Bell peppers are the most common sweet pepper and come in a variety of colors with different flavor attributes. Sweet peppers aren't necessarily sweet - rather they aren't hot. Find out how color affects the flavor, along with other sweet pepper varieties in this guide.
When are bell peppers in season?
US grown peppers are actually available year-round, thanks to our different growing climates. California ships peppers from April until December, with peak season from May through July. Florida ships peppers from October through July, with peak in March and April.
Even if bell peppers aren't grown near you, they ship quite well. So you can still get high quality and good tasting peppers at your grocery store.
Colored bell peppers are riper versions of green bell peppers. When left on the plant, green bell peppers will turn to yellow, orange, and red (depending on the variety).
A report (PDF) from The University of California Davis explains this as well. But out of curiosity, I looked up two dozen of the most common varieties planted by commercial growers. I found that every single one of them started green, then eventually turned red (85%) or yellow (15%) as their final color.
If you've noticed a more vegetal or grassy flavor in green bell peppers, but not in yellow or red ones, you're not imagining things. A chemical analysis reveals that the compounds responsible for this grassy aroma lessen as the pepper ripens. On top of that, the compounds giving yellow and red peppers that almost citrus aroma increase with ripening.
Each bell pepper color has a different flavor:
- Green bell peppers taste more vegetal, grassy, and can be bitter
- Red bells are sweeter, not bitter, and often have a slight citrus flavor.
- Yellow and orange ones are similar to red, but less sweet and less citrusy (and also no bitterness).
The seeds of bell peppers (and other sweet peppers) can be eaten. They might have a slight bitter flavor, but they will not be spicy like hot peppers.
Working with the bitterness in green bell peppers:
You might not like the bitterness in bell peppers and prefer yellow, orange or red ones. While using green peppers in salads or other fresh dishes might not be in your wheelhouse, there are still some uses to consider.
The bitterness can work in your favor if you add them to rich or sweet dishes, since that bitter flavor balances it out. Green bell peppers on a pizza with all of that rich cheese and sausage? Perfect. On a salad with bitter greens - not so good.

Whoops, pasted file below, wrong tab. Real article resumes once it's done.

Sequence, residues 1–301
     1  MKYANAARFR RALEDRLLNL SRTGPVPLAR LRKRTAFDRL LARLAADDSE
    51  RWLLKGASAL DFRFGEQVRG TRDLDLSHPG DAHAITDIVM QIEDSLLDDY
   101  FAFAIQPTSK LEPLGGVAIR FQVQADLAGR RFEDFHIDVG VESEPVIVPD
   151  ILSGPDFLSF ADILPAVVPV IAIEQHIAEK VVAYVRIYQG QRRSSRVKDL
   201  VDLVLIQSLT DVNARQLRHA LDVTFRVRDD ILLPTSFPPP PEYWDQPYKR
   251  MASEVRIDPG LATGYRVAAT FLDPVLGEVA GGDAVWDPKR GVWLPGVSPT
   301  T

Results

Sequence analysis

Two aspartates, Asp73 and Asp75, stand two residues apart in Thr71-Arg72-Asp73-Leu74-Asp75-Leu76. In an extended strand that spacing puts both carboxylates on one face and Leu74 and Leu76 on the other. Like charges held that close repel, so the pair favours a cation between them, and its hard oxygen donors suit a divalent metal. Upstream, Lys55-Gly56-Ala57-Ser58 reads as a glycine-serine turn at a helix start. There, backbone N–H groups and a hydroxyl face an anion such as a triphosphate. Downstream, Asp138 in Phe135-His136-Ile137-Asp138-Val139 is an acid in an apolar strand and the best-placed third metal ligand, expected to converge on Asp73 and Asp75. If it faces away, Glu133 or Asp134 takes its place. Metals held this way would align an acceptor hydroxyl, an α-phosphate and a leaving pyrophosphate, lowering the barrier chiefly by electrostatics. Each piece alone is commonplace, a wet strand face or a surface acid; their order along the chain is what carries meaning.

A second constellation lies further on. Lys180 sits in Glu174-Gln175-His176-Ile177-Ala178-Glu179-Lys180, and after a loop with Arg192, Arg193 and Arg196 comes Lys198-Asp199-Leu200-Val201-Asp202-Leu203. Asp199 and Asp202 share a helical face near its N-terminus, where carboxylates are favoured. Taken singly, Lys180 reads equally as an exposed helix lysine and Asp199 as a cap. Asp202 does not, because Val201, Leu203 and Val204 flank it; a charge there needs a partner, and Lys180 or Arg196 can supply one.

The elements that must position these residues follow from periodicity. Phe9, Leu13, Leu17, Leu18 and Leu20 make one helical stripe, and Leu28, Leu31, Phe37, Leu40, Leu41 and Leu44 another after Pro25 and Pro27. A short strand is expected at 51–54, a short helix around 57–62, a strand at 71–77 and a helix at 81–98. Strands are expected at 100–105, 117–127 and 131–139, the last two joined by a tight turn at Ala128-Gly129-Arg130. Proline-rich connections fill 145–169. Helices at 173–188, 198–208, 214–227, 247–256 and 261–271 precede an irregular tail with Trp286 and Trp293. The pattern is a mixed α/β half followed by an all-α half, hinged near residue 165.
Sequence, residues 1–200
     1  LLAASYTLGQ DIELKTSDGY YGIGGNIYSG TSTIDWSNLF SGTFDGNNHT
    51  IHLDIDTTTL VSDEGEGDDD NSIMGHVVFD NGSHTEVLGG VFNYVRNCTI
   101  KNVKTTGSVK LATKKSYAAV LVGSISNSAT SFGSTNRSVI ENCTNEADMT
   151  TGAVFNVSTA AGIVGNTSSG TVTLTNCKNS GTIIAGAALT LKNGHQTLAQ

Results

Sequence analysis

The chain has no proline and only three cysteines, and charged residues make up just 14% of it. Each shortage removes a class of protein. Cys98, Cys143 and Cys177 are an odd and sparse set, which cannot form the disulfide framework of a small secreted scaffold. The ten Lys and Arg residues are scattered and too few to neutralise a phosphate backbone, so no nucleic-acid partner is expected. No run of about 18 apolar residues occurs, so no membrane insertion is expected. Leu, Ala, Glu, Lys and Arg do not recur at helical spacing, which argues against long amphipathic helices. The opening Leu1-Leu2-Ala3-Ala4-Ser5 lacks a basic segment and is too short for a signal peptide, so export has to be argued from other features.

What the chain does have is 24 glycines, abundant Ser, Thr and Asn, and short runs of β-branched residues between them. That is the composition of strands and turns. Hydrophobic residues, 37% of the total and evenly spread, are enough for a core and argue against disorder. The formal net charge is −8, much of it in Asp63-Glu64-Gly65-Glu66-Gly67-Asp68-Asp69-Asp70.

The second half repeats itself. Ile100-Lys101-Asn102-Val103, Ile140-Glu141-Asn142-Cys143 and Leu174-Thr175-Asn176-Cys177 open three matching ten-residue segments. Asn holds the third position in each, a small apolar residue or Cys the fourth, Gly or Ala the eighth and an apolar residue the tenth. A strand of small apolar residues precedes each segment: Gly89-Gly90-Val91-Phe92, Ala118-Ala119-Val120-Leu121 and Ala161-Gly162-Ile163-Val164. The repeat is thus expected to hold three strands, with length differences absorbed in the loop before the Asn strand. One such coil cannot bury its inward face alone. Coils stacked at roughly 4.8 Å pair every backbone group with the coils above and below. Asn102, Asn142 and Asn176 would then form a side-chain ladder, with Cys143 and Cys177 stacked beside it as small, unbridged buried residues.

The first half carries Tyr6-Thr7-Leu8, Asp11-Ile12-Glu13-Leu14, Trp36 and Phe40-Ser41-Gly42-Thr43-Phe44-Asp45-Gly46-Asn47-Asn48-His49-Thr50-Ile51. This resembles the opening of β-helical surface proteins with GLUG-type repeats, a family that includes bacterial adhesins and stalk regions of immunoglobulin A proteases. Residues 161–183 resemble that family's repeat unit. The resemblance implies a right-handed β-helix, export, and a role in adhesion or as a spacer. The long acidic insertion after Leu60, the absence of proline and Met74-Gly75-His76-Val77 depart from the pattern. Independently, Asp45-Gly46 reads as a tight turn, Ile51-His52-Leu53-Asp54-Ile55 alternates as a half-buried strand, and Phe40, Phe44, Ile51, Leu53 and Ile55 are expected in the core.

Check out "Dealing with bitter bell peppers."
Why are red bell peppers more expensive?
Green peppers haven't spent as much time ripening on the plant, which means weather and pests haven't had as much time to cause problems. Because of this, they are almost always less expensive and first to arrive in farmers markets.
Another factor that makes green bell peppers cheaper, is that continuous harvesting makes the plant produce more. When left to ripen to yellow, orange, or red, the plant produces less peppers overall.
So the increased price for yellow, orange, and red peppers, while pretty high, seems fair. It's also worth knowing that the price of all colors will be lower while they are in-season.
To pick the best bell peppers, make sure the pepper is firm (soft spots indicate a decline in quality). Also look for shiny, tight skin - wrinkles are a sign that it is losing moisture and isn't as fresh. Unlike tomatoes and other more delicate produce, peppers actually ship quite well, so if they come from another part of the country, their quality should still be pretty good.
- Uncut, green bell peppers can last 1 to 3 weeks in the fridge.
- Uncut orange, yellow, and red bells last 5 days to 2 weeks in the fridge. They have a shorter shelf life because they are a riper version of a green pepper.
- Cut peppers will last about 3 days, in an airtight container in the fridge.
- Cut peppers can also be frozen, with or without blanching.
Other sweet pepper varieties
Bell peppers are the most common type of sweet pepper, but there are a lot of other varieties to consider. All of the varieties listed below are much more mild than jalapenos, making them fairly approachable for all but the most heat-sensitive pallets.
- Mini peppers (aka gypsy) are usually a mix of red, orange, and yellow and share the same flavor characteristics as bell peppers. They have no heat to them.
- Shishito peppers are considered a 'sweet' pepper and their spiciness is about 5% as hot as a jalapeno (so pretty mild). They have a vegetal flavor without the bitterness some green bell peppers have. Great for roasting and eating whole (minus the stem). The seeds aren't hot either.
- Pimento peppers have a sweet flavor with a tiny hint of spice (about 1/10th the heat of a jalapeno). Paprika is made from dried pimento peppers.
- Banana peppers (aka yellow wax) - mild and tangy flavor. Great for eating fresh and slicing into rings.
- Pepperoncini are mild and are often sold pickled in jars.
- Cubanelle and Jimmy Nardello peppers (aka Italian frying peppers) have thin walls so they fry up fast. They come in a range of colors from green to yellow to red, and are slowly gaining popularity over bell peppers.
Recipes & more
Over 50 recipes from 14 types of dishes, including stuffed bell peppers, pasta, soups, and stews. The "classic bell pepper" section includes recipes that try to make use of the bitterness of bell peppers. Whereas other recipes rely solely on the sweeter red, orange, and yellow varieties.